And then we matched two improbably characters and had them go at it. Maquerade and Kato, Dejah and Irene, this stuff was just so fun to read, let alone be part of.
I am really hoping people want to see an ongoing Irene Adler book. And I would love to read more Lady Rawhide. I hope this gets the readers who read Ms. Marvel and Batgirl interested in these great heroines who came first and kicked ass.
TMS: Between you and Kelly Sue DeConnick, among others, it seems like female comics creators are going out of their way to lend a hand up to other female comics creators. Do you think that’s true? When we’ve spoken to female writers in other mediums – like film, for example – it seems like that’s less the case, and we hear that women are still too afraid to help each other in the film industry because of that hardwired need to survive and maintain a career in a male-dominated business. Have we finally gotten to a place in comics where female editors and writers help each other more readily? And why do you think that is?
Simone: Most of these women don’t need my help, they are already killing it all over the place already, but yeah, in some cases, I definitely wanted to help showcase some writers who are doing great work. They don’t need me, they don’t need this project, but if it helps shine a little light their way, that is delightful. They are women breaking down barriers and that’s a big deal to me.
Mairghread Scott is crushing it on her Transformers work, Emma Beeby is the first female to write Judge Dredd in history and is awesome, Erica Schultz is an amazing talent doing awesome work, and Mikki Kendall is a noted science fiction author and activist whose writing really speaks to me, doing her first comics work. This is a group you want to take into battle!
Whenever I get even a tiny bit of leverage, I try to use it to open the door a little bit for others. I am doing okay, I have exposure, I would rather use that moment to try to create opportunities for comics to be better and more inclusive of everyone. It just feels like the right path for me. I can’t explain it any better than that, I like to see worthy people succeed. I love success stories.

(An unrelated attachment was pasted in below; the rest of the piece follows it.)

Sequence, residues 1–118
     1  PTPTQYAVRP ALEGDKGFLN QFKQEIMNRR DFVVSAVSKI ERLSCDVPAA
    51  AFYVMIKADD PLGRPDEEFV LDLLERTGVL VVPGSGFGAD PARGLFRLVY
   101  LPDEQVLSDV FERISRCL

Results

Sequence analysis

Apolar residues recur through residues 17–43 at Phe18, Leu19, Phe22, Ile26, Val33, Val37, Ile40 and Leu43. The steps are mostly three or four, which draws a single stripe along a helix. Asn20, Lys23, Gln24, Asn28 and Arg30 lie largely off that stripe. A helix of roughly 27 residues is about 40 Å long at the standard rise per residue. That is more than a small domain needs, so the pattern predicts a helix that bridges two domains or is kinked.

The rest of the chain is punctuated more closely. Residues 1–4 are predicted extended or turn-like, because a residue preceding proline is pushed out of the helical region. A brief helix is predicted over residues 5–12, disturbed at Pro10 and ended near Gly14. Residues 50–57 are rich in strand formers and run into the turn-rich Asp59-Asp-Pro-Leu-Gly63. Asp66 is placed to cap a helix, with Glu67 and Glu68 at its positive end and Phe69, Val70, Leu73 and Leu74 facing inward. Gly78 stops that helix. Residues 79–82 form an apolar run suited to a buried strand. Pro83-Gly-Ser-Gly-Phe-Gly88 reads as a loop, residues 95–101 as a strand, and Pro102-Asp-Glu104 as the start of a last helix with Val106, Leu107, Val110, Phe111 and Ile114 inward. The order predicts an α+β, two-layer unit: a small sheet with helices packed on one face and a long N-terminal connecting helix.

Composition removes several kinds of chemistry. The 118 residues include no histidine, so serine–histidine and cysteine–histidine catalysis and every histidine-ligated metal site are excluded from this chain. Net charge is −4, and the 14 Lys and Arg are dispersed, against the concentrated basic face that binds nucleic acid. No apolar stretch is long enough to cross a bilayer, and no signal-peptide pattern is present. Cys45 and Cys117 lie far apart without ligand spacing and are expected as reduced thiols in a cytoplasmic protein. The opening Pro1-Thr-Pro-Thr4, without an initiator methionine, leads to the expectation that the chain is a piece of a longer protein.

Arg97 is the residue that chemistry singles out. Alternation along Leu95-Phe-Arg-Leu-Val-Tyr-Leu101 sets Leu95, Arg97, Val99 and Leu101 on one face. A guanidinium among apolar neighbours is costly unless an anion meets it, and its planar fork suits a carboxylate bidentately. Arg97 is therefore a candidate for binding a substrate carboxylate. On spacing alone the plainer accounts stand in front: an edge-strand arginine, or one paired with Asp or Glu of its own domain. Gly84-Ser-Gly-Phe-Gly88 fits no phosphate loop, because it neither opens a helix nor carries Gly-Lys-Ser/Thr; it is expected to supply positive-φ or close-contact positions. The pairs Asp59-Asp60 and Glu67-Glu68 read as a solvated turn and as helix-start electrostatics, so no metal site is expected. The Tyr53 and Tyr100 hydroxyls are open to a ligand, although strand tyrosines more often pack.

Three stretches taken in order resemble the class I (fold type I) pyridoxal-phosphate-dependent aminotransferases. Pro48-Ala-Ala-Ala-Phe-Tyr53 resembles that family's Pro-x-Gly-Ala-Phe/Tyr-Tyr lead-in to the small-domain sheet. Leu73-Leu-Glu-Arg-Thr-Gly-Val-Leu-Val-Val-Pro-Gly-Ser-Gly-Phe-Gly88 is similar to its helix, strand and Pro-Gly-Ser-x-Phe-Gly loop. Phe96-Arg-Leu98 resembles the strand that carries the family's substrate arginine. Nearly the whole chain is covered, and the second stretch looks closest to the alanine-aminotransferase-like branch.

I do know that when I started, several women I really admired were less-than-encouraging and it really stung. They felt me getting work meant they would get less work. I did vow never to be that person. And I should stress, women like Nancy Collins, Devin Grayson, and Colleen Doran were never anything less than 100% supportive. It was just devastating at the time, I don’t want that cycle to continue.
This feels like a better way, everyone trying to raise all the boats. Who knows? I am just making things up as I go along like everyone else.
TMS: What do you hope people take away from reading Swords of Sorrow?
Simone: Oh, the same thing I hope they got from Birds of Prey, and Wonder Woman, and Red Sonja. That there’s no real limit on what female characters can be in comics. They can be strong and weak, funny and dour, compassionate and cold, they can be all the fun things and the strong things and the bad things.
I really hope that people discover that there have been worlds full of these awesome characters for as long as there has been adventure fiction. Female heroes is not a new idea, it’s just one that’s been tossed around in the storm for too long.
Mostly, I want people to love these characters the way I do.
We’ll be reviewing Swords of Sorrow Issue #1 on The Mary Sue tomorrow!
(image of Gail Simone via Loren Javier)